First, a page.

When I was younger, I used to insist that my family wait till early December, after my birthday, to begin celebrating Christmas. Now that I have kids of my own however, I say, bring it on! In fact, can we bump Thanksgiving up to the end of October, skip Halloween, and spend two months ushering in Christmas?
The Bishop’s Dream, which I received as a CD, was my introduction to this audio collection. Jim Hodges is a delight to listen to! He does such a lovely job of interpreting the endearing tales produced by the Familyman. The Bishop’s Dream is a fun tale about Saint Nicholaus, before he became Santa—as a missionary, loving poor people. In a feverish fit, “the bishop” has a dream, in which he sees Christmas in the future, centered around a man called Santa. You can imagine his consternation when he realizes that Christmas has become focused on him and not on Jesus. The tale ends with a sweet prayer, that all people will remember that Christmas is about Christ.
In addition to the Bishop’s Dream, I received all 8 tales of the Christmas Treasury as a digital download. They downloaded easily, and after fighting a bit to sync my new computer with my phone, I was able to get the tracks into my iTunes so I could listen in the car.
Gladys Remembers Christmas is a sweet tale, one that had me in tears. In it, a 58 year old woman is missing her late mother, and mourning the lack of affection in her relationship with her father. When Glady goes looking for something in the attic that houses all the old family heirlooms—and heaps of Christmas decorations she had forgotten—her mother appears to chat with her. Gladys is aware that this a vision of some sort, and her tender conversation with her mother both reminded me to love and appreciate my own parents, and also directed my attention back to Jesus, who of course loves us even more than our mommies do.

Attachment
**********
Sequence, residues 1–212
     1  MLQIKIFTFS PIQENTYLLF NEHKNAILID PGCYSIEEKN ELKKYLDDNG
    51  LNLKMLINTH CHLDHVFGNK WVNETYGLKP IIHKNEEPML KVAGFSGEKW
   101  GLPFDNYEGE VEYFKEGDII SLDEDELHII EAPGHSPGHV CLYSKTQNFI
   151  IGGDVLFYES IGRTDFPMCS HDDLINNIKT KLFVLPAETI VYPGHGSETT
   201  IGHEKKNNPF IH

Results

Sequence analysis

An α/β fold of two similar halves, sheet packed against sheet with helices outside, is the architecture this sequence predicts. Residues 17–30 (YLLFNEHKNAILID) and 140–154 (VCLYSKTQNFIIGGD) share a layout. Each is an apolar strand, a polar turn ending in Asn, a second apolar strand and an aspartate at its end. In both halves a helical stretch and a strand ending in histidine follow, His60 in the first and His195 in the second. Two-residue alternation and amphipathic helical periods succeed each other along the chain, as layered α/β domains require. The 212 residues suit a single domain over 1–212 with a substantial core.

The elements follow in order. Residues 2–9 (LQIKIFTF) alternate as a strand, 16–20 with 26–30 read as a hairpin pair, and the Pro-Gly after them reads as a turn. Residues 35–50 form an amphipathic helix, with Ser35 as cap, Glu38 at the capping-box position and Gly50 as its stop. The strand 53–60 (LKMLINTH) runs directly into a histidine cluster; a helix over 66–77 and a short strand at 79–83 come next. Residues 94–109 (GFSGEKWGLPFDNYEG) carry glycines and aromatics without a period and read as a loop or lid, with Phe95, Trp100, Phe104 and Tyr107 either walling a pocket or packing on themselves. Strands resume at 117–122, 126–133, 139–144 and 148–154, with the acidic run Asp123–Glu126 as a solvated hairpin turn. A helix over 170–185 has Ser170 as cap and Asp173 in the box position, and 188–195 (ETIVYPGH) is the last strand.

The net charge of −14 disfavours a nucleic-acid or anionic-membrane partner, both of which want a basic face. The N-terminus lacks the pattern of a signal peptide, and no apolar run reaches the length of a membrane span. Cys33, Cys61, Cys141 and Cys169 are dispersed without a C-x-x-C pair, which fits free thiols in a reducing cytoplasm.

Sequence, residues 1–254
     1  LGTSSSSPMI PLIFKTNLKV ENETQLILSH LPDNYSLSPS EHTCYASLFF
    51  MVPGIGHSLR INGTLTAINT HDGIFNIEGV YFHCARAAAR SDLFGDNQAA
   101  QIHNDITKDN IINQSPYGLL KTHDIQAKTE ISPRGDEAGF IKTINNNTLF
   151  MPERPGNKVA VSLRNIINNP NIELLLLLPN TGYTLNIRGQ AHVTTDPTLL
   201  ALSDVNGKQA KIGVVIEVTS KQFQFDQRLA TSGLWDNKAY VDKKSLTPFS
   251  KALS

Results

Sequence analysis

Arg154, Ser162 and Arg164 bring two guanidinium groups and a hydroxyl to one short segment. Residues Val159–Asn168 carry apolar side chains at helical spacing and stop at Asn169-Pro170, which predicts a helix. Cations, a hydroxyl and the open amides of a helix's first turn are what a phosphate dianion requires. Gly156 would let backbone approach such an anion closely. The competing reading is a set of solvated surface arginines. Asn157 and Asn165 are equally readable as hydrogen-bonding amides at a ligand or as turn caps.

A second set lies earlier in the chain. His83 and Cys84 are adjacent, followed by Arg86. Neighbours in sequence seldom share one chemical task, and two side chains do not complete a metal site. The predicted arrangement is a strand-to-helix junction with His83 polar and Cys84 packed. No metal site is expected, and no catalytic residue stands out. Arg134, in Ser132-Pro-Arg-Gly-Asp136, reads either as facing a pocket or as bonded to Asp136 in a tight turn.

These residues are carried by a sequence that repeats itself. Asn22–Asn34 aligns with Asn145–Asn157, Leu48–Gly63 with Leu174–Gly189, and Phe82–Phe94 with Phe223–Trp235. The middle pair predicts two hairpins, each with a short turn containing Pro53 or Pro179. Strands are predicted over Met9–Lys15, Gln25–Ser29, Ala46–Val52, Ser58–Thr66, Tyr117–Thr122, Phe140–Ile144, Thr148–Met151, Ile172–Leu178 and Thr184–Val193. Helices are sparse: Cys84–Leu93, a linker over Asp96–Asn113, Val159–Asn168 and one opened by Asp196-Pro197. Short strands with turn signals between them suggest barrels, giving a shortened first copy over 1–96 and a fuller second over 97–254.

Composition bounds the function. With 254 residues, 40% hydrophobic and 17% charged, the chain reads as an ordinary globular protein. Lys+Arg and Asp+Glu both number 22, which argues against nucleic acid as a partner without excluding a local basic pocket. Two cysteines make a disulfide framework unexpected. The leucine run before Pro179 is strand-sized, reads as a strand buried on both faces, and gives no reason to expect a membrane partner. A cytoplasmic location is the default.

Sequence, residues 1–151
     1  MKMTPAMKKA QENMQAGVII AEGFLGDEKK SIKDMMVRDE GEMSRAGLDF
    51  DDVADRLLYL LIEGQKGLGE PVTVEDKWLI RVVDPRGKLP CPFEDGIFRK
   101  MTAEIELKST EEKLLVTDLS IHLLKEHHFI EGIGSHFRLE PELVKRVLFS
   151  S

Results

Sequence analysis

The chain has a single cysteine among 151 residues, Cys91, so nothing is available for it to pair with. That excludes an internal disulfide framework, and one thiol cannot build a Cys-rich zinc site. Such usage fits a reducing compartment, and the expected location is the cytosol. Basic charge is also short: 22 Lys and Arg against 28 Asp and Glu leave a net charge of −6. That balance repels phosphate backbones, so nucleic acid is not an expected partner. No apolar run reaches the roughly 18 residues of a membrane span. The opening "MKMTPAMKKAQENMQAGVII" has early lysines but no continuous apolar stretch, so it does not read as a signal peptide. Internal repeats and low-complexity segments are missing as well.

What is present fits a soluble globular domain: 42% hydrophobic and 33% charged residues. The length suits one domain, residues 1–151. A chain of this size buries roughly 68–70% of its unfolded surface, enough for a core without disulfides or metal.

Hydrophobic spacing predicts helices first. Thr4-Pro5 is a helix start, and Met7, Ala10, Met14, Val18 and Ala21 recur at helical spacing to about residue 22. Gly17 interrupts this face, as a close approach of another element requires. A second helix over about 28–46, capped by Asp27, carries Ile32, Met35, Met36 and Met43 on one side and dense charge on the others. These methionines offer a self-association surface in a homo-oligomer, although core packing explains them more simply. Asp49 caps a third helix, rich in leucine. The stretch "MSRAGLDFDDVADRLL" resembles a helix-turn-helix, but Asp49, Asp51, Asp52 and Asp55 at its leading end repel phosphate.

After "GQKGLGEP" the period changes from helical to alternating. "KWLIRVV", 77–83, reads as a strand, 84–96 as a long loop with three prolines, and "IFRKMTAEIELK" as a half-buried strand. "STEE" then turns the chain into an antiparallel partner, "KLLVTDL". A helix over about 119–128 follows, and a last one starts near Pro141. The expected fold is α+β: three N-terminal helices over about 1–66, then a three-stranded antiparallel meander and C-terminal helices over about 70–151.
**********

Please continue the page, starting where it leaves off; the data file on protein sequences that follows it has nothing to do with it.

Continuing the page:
The Stranger is another one that resonated with me—this tale reminded me of a family story that my parents used to tell. Once, my parents gave a man a ride; he left behind an item in the car, and they drove back to return the item—only to find the house they had dropped him at wasn’t there. At that time, the Bible fell open to the verse about entertaining angels unaware. In the Stranger, a family hosts a vagabond who leaves behind a beautifully carved wooden Mary, Joseph and Jesus and manages to save Christmas—and when he leaves, he vanishes without a trace.
It’s Called Christmas is sort of an odd tale, set in a future sort of dystopia, in which Christmas—and all references to Christmas—have been erased from history (along with anything else religious, polarizing or possibly offensive). In this story, a young boy named learns the word Christmas from an old man at the mall, and begins investigating its history. Nook eventually ends up gathering with the old man and a few other people at an underground home church, with humorous likenesses between an ever-present AI named Maxine (who answers questions through wrist screens) and Siri. It ends with a challenge to keep calling Christmas Christmas, and to keep God and Jesus at the center of the season. I do feel that the very ending will require some conversation; rather than corrected the checkout clerk who wishes us Happy Holidays, I hope we are filled with Christ and able to respond with grace.
My kiddos are a bit too young to focus for the full length of these audios quite yet. They range from about 13 minutes to 30 minutes in length; I intend to continue to play them on repeat in the car over Christmastime. I will probably pick one to play on repeat until Bubba “gets” the story. I think he will really like the Bishop’s Dream and the Stranger, especially. Most of these stories appeal to both children and adult—they really are a family audio collection.
If you’d like to read more reviews about the Familyman’s Christmas Treasury Audio Collection, check out other reviews by the Homeschool Review Crew.